Indigenous peoples’ experiences of social media: the good and the bad

Dr Tristan Kennedy - Department of Indigenous Studies, Macquarie University – June 3, 2021

Indigenous people in Australia are embracing social media and digital citizenship in a technologically mediated global world. The benefits for Indigenous peoples and communities on social media are many and diverse. Social media offers a site for establishing and navigating identity, building and maintaining strong connections to family and community, and seeking and offering mutual support.

Recent research in the Department of Indigenous Studies at Macquarie University, with the support of Facebook Australia, has investigated the positive affordances of social media as well as the impacts of negative and harmful content for Indigenous peoples.

The investigation sought the perspectives of Indigenous peoples from across Australia. It was primarily concerned with identifying how negative content is conceptualised, identified and dealt with from Indigenous Australian perspectives.

A report from the findings of this research, published in November 2020, detailed the role social media plays in the lives of Indigenous individuals and communities. It also identified the ways that Indigenous peoples experience and navigate negative content.

The findings will assist policy makers and social media platforms to identify culturally specific forms of negative content and harmful speech to create a safer and more comfortable digital presence for Indigenous peoples.

The Report – ‘Indigenous peoples experiences of negative content on social media’

Participants were quick to identify the positive contributions social media makes in their lives. Importantly, 83% of respondents confirmed that they had positive experiences on social media on a daily basis. In fact, every respondent in the study noted that they had positive experiences at least weekly.

Participants suggested that accessing creative arts, Indigenous storytelling, and making contact with community members and services were among the most positive aspects. Another positive, often noted by participants, was the ability to engage in political conversation. That is, to raise issues that are important to Indigenous people and that may not receive adequate attention in mainstream media.

Despite the positive opportunities, there exists a less comfortable side to social media which must be addressed. Bullying and harassment are having devastating effects on our young people and our communities. In 2019 Carlson and Frazer pointed to research that suggested “victims of cyberbullying are more likely to experience psychological ill-health, most seriously in the forms of depression, anxiety” and suicidal ideation.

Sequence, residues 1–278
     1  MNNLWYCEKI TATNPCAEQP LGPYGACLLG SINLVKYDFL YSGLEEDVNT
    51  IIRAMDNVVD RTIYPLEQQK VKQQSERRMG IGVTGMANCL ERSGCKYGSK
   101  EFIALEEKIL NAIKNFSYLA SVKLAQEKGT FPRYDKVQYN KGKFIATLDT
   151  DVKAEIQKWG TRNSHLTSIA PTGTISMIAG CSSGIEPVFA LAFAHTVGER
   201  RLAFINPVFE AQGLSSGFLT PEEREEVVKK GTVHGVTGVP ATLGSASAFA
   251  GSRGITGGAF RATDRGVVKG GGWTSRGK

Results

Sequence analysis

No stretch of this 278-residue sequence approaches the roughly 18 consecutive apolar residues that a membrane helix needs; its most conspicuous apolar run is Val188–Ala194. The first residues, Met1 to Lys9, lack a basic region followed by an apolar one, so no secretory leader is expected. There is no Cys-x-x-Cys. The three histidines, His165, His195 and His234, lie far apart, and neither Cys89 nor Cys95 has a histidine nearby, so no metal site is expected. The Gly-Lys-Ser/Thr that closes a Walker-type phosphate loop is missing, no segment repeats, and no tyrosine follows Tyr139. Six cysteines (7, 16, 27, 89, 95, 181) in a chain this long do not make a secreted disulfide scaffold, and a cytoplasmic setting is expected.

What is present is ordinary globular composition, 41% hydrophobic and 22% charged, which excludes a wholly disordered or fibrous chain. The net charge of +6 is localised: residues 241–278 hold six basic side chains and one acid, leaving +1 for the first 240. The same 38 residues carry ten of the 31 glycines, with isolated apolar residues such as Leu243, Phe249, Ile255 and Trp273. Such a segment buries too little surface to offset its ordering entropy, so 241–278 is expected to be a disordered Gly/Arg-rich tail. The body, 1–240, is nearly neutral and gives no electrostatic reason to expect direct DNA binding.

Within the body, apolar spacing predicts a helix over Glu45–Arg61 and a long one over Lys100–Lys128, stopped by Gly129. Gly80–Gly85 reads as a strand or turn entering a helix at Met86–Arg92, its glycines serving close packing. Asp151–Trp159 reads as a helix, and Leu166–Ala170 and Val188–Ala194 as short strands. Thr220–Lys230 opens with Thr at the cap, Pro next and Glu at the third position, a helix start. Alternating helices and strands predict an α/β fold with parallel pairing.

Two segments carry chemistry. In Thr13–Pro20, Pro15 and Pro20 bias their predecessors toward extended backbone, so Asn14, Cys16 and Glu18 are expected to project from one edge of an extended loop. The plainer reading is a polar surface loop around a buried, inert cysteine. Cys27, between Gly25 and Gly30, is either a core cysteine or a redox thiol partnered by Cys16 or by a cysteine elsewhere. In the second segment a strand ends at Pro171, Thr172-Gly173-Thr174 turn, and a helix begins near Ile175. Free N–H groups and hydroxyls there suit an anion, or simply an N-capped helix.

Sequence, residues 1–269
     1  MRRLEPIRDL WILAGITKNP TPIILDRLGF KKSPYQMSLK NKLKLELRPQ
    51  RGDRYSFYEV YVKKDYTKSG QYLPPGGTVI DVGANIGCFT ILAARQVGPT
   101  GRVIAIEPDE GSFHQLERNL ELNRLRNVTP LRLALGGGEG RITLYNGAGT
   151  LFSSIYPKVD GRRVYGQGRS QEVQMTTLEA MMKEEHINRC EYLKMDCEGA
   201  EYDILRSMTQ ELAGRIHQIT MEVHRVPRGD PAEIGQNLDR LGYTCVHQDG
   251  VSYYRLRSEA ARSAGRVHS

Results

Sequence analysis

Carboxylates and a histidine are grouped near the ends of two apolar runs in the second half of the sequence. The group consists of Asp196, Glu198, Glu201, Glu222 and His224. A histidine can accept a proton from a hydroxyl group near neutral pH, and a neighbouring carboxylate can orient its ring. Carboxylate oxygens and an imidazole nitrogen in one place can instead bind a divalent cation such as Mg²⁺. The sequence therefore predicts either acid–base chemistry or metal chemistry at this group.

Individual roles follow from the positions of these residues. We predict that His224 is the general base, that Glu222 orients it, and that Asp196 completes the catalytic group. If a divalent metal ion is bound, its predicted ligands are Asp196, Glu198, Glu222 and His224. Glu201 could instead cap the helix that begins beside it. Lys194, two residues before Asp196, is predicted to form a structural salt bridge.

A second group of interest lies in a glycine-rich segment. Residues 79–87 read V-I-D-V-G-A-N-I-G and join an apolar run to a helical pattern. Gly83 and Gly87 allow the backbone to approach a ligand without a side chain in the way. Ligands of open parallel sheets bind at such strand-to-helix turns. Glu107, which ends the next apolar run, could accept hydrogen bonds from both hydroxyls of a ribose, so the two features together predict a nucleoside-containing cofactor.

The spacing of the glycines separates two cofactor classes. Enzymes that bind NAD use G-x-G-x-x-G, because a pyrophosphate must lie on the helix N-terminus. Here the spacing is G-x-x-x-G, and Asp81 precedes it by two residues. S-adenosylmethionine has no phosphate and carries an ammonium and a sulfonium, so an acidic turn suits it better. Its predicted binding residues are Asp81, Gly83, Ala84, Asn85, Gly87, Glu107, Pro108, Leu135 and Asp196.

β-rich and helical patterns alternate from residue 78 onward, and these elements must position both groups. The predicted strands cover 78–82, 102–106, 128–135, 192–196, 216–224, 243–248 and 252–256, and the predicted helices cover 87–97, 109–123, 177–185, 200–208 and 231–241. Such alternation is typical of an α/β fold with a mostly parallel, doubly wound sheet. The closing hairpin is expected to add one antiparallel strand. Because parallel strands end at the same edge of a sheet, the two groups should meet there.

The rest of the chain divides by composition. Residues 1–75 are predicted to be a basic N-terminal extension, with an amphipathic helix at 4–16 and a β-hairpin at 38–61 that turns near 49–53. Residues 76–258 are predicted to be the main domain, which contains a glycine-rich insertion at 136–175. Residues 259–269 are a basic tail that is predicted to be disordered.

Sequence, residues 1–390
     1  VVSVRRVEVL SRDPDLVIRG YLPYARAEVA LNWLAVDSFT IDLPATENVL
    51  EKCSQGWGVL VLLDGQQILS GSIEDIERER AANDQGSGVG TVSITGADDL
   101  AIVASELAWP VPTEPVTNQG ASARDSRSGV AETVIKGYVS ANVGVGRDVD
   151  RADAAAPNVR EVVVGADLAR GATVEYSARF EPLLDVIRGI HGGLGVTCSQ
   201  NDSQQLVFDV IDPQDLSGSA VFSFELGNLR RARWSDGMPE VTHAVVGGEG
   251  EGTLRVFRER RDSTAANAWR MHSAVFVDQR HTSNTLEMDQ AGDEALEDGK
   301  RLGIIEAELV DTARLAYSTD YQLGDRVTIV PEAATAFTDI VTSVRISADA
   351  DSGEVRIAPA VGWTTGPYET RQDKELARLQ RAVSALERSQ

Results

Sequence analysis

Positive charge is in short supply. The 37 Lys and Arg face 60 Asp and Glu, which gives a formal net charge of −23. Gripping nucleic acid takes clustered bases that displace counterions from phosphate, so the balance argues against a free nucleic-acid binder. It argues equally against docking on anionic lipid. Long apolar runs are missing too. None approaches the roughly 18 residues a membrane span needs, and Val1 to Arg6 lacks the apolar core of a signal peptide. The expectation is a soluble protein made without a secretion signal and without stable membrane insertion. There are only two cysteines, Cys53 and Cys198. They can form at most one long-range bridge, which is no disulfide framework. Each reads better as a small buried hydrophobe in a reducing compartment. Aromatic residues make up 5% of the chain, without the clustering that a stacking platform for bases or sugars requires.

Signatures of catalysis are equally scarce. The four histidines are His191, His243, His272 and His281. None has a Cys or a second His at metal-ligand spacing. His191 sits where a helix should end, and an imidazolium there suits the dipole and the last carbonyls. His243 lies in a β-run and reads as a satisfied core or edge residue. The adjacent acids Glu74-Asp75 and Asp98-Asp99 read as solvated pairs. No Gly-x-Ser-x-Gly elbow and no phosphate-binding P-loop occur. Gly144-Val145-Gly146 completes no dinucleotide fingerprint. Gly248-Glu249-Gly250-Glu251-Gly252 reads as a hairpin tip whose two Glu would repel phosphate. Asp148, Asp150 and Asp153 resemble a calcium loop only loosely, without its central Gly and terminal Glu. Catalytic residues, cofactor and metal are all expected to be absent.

Participants tended to be in agreeance that negative content was commonplace on social media. Sixty-three percent of respondents noted that they experienced negative content on social media on a daily basis and 97% suggested that they witnessed negative content at least weekly.

The negative findings, while not entirely unexpected, shed light on the types of harmful content that Indigenous peoples are facing including references to white supremacy, challenges to Indigenous identity, and lateral violence.

Much of this content is grounded in ways of talking about Indigenous people that are grounded in racist ideas that have pervaded Australian settler-colonial history. For example, assimilationist policies that were based on the idea that Indigenous culture could be ‘bred out’. This line of thinking underpins assertions that Indigenous people who live in the cities or have fair skin are not genuinely Indigenous.

While it comes as no real surprise that harmful speech exists on (and off) social media. What remains troubling is that the cultural subtleties of negative content from an Indigenous perspective are not readily identified by non-indigenous platform moderators.

There remains a question: How can moderators and social media platforms, who have no direct experience of colonisation, pick up on such culturally nuanced negativity?

This research privileged Indigenous voices in the discussion about what needs to be done to move forward. Indigenous people identified a need to employ more Indigenous peoples in society generally – particularly in government, policy making institutions and in education. Indigenous perspectives and voices, which for too long have been silenced or ignored, need to be heard again in these settings.

Participants suggested that social media platforms could also employ more Indigenous people to assist with listening to and learning from Indigenous communities in order to identify the cultural subtleties of harmful content online.

Indigenous people who contributed to this study had some advice for individuals too. They suggested people make use of some of the highly positive aspects of social media to raise their consciousness.

This week is National Reconciliation Week; there is no better time to make an effort to reach out via social media and connect with Indigenous peoples. Connect with Indigenous community pages and websites. Listen to Indigenous peoples’ opinions and perspectives. Engaging through social media will enable non-indigenous people and communities to make a difference in their own lives and the lives of people around them.

 

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